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Fat Friends And Poor Education Helps People Think Thin

Date:
July 25, 2008
Source:
University of Warwick
Summary:
People are powerfully but subconsciously influenced by the weight of those around them. Without being aware of it, researchers believe, human beings keep up with the weight of the Joneses. For a whole society, this can lead to a spiral of imitative obesity.
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Research by economists at the University of Warwick, Dartmouth College, and the University of Leuven, finds that people are powerfully but subconsciously influenced by the weight of those around them. Without being aware of it, the researchers believe, human beings keep up with the weight of the Joneses.

For a whole society, this can lead to a spiral of imitative obesity. The researchers will present their results on July 25th at a National Bureau of Economic Research conference in Cambridge Massachusetts in a paper entitled Imitative Obesity and Relative Utility at the NBER Summer Institute on Health Economics.

Using data on 27,000 Europeans from 29 countries, the researchers find that nearly half of European women feel overweight. Less than a third of males feel overweight.

The authors suggest that whether for reasons of job promotions or finding a mate it is someone’s weight relative to others that matters. They show that overweight perceptions and dieting decisions are influenced by people’s comparisons with others of the same age and gender.

Highly educated Europeans hold themselves to a particularly tough standard, the research shows. For any given level of Body Mass Index (BMI), somebody with a university degree feels much fatter than someone with low educational qualifications.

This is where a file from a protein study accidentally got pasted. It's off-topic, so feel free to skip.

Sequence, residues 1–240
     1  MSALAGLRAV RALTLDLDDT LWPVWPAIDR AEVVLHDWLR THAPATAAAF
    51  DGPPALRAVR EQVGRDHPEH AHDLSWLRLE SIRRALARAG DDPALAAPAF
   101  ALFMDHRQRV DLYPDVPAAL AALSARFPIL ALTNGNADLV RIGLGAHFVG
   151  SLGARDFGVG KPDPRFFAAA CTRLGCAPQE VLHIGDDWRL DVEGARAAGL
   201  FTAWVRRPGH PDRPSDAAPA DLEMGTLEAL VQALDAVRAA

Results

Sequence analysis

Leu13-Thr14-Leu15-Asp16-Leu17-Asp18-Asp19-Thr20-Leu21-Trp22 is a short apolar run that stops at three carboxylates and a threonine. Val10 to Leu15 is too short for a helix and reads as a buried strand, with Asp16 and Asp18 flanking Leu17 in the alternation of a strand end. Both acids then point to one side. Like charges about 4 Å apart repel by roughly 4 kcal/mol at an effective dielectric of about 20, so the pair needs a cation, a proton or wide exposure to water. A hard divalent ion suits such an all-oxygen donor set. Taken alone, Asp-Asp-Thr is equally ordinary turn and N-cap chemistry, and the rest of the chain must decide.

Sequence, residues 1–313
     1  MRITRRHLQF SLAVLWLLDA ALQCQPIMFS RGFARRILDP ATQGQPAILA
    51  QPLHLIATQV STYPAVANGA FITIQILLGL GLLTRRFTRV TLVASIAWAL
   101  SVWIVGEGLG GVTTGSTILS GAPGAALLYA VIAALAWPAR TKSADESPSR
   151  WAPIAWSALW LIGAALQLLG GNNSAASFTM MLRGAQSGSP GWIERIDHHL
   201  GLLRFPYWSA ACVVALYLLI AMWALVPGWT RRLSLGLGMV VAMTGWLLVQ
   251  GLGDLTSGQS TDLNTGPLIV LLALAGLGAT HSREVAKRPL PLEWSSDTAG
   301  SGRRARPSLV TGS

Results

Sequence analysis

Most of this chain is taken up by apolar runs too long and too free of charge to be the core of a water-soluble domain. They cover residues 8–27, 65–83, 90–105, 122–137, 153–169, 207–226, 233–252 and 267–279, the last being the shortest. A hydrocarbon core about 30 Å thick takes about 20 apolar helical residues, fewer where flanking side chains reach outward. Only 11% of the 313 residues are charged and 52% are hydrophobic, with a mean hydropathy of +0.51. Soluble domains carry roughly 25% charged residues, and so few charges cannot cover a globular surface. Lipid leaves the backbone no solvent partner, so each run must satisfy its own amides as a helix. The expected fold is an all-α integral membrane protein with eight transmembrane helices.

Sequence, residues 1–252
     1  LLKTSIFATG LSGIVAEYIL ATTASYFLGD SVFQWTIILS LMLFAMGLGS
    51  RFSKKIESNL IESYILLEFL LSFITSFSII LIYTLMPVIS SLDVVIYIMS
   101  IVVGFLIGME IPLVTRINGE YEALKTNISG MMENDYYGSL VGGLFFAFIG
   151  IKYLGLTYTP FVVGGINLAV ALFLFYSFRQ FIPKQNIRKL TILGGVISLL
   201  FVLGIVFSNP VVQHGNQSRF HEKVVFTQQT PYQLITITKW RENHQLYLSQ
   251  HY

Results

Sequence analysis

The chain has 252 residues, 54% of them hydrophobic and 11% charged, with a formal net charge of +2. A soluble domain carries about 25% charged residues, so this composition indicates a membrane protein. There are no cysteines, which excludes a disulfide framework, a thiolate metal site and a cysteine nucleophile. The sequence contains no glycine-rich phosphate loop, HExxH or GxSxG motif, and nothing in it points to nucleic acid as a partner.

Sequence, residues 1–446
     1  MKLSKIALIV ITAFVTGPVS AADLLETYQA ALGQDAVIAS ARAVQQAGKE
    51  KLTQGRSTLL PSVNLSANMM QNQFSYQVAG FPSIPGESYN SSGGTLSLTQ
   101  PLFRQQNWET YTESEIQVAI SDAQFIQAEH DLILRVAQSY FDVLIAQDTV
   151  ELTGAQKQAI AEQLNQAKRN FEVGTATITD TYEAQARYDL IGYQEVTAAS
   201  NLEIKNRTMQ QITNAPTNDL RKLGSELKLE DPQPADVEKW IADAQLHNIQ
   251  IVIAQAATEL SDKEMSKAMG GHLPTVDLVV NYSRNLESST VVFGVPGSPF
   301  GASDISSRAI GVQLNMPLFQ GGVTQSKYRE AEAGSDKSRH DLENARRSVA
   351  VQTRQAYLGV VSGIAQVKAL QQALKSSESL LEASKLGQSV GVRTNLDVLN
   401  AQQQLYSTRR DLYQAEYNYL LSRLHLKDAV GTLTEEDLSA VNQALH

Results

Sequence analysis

Overall, the researchers believe that a person’s "utility" (an economic term roughly meaning satisfaction levels) depends on their own weight relative to the weight of those around them. They suggest that it is easier to be fat in a society that is fat.

However, the authors also found a significant gender split. Females were much more prone, for any given BMI value, to feel overweight. For European women, weight dissatisfaction and overweight perceptions depended crucially upon not just their own absolute BMI, but also upon their BMI relative to other women of exactly the same age in their country. Conversely, being overweight tended not to be a significant issue for men if many of those around them were as overweight as they were.

Professor Andrew Oswald at the University of Warwick, one of the researchers, said "Consumption of calories has gone up but that does not tell us why people are eating more. Some have argued that obesity has been produced by cheaper food, but if fatness is a response to greater purchasing power, why do we routinely observe that rich people are thinner than poor people?"

He said: "A lot of research into obesity, which has emphasized sedentary lifestyles or human biology or fast-food, has missed the key point. Rising obesity needs to be thought of as a sociological phenomenon not a physiological one. People are influenced by relative comparisons, and norms have changed and are still changing."

However, the authors found a significant gender split. Females were much more prone, for any given BMI value, to feel overweight. For European women, weight dissatisfaction and overweight perceptions depended crucially upon not just their own absolute BMI, but also upon their BMI relative to other women of exactly the same age in their country.


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The above post is reprinted from materials provided by University of Warwick. Note: Materials may be edited for content and length.


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University of Warwick. "Fat Friends And Poor Education Helps People Think Thin." ScienceDaily. ScienceDaily, 25 July 2008. <www.sciencedaily.com/releases/2008/07/080724095738.htm>.
University of Warwick. (2008, July 25). Fat Friends And Poor Education Helps People Think Thin. ScienceDaily. Retrieved June 30, 2015 from www.sciencedaily.com/releases/2008/07/080724095738.htm
University of Warwick. "Fat Friends And Poor Education Helps People Think Thin." ScienceDaily. www.sciencedaily.com/releases/2008/07/080724095738.htm (accessed June 30, 2015).

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